In the editorial, Onnimanni’s chief editor wishes that the marketing of children’s and YA-books would no longer rely on rigid ideas of age- and target-groups. Literacy is no longer mastered at a certain age or school-level. High-quality picture books raising fundamental existential issues are suitable also when teaching secondary school and high school students e.g. multiliteracy.
Sisko Ylimartimo presents the forgotten Polish illustrator Janusz Grabiański (1929–1976). With only two colours, Grabiański was able to create an illusion of multicolour. Ylimartimo also demonstrates his use of intervisual references to pay tribute to past cultural images.
Tuula Korolainen has read the latest Christmas-themed children’s books, which keep focusing on snow, gifts, helpfulness and friendship. The new books still struggle with preserving children’s belief in Santa Clause.
The narrator of Raili Mikkanen’s latest historical YA-novel is Elli, the teenage daughter of Finland’s first significant woman writer Minna Canth (1844–1897). Mikkanen’s historical novels often demand extensive background research. In Marjo Jääskä’s interview, she reveals that information is so much easier to find today on the internet.
Anni Swan (1875–1958) published her preteen-novel Ollin oppivuodet (1919) a hundred years ago. Tuula Korolainen has re-read the classic and found that – subtly updated – it would be of interest for today’s young readers.anni S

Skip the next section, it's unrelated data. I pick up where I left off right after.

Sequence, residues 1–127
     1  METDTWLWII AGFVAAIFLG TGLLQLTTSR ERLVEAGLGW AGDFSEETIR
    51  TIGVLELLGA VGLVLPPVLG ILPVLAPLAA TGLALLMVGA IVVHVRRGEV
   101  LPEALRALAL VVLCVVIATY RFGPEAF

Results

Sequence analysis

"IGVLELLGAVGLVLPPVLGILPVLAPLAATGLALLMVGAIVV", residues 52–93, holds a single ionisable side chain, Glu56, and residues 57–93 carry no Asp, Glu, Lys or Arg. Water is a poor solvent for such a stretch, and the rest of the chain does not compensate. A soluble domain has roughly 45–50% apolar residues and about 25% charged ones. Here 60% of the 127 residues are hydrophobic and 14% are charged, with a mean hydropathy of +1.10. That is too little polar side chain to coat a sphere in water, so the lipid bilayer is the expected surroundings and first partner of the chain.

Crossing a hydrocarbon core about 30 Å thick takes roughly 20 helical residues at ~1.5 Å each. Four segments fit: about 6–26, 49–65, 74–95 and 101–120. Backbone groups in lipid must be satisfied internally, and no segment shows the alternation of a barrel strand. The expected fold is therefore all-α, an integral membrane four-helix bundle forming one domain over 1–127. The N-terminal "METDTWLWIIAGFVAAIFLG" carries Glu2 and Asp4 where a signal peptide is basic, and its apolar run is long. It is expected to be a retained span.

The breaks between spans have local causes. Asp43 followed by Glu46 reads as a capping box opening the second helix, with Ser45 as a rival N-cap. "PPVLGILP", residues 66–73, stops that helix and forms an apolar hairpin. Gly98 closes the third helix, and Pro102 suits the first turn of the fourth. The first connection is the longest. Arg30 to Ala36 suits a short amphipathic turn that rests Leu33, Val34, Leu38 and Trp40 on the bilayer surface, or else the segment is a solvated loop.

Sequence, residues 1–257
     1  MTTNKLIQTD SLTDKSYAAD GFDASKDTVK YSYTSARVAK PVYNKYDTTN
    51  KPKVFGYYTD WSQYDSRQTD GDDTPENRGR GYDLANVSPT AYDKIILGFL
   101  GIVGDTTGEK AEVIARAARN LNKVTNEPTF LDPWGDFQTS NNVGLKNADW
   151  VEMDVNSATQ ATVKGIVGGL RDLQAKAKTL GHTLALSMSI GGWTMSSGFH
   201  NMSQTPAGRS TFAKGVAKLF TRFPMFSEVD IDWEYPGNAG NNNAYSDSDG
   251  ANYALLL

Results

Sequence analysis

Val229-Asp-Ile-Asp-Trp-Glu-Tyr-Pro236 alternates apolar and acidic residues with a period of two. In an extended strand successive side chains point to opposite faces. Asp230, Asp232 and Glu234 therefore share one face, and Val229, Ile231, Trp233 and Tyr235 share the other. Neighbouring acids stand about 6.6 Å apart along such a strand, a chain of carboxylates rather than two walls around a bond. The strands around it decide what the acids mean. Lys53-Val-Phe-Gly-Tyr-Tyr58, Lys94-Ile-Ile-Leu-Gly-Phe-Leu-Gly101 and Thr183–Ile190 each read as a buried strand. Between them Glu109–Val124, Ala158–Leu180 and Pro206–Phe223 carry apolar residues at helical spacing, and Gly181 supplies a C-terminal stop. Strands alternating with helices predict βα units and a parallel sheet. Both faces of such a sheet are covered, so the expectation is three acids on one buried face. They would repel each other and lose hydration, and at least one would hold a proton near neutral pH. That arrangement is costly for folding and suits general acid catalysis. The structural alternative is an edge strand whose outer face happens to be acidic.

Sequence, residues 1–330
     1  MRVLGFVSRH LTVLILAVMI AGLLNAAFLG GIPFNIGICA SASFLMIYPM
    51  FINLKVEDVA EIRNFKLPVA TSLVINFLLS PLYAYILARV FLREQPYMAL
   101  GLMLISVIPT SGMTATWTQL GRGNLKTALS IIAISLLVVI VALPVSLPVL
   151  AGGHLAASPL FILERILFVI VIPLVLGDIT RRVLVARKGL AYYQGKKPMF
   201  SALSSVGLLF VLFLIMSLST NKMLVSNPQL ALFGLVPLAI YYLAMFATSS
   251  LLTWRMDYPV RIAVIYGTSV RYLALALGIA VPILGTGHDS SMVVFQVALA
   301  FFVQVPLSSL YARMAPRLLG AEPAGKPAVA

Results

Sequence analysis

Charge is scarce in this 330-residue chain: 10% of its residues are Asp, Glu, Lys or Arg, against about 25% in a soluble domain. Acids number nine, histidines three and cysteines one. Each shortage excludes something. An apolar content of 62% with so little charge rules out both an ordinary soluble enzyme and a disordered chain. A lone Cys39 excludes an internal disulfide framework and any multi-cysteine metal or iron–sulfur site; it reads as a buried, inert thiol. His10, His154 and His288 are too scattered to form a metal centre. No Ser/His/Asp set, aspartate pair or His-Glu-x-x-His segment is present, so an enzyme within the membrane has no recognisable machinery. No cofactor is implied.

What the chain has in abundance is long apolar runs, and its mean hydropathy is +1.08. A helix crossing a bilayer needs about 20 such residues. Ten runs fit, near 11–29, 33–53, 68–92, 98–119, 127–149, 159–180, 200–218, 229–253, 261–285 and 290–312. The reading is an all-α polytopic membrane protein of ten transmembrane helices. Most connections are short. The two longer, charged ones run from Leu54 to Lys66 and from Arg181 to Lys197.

In Germany, sixth graders compete in reading aloud and have done so for a long time. Kaisa Lange has judged these competitions and found that pupils compete increasingly often in order to learn about literature and enhance their communication skills.
Daniel Defoe’s classic Robinson Crusoe was published 300 years ago. To celebrate the occasion, British publisher Thames & Hudson has issued the book Archipelago: An Atlas of Imagined Islands, in which illustrators worldwide have created their own island landscapes. Finnish illustrators participating in the book are Linda Bondestam, Matti Pikkujämsä and Réka Király.
The established Finnish publishers’ range of children’s and YA-books is limited to titles that will sell. In protest, a group of distinguished authors have founded the VaLas-collective, which will support the publication of experimental, rather than commercial works.
The reading promotion society Kirjavinkkariyhdistys has won the Institute’s Onnimanni Prize for its long-term and unwavering grass root work. The manuscript Be Cool – co-written by Matilda Ahlsten, Saara Honkanen and Suvi Nurmi – has won the Institute and publisher Karisto’s writing competition, which looked for texts of interest to 11–14-year-old boys.
In the Lukutikku-column addressed to professional educators, Juli-Anna Aerila presents “reading corners” initiated by Indian editor Arundhati Deosthale. Aerila also presents new material on how to support multilingual and -cultural children.
Onnimanni introduces a new column called The Compass (Kompassi), which will feature topical debates. Illustrator Jani Ikonen addresses the role of illustration in children’s literature, arguing that illustrations are readable pictures and that exploring visual art can be part of an illustrator’s task.
Translation Maria Lassén-Seger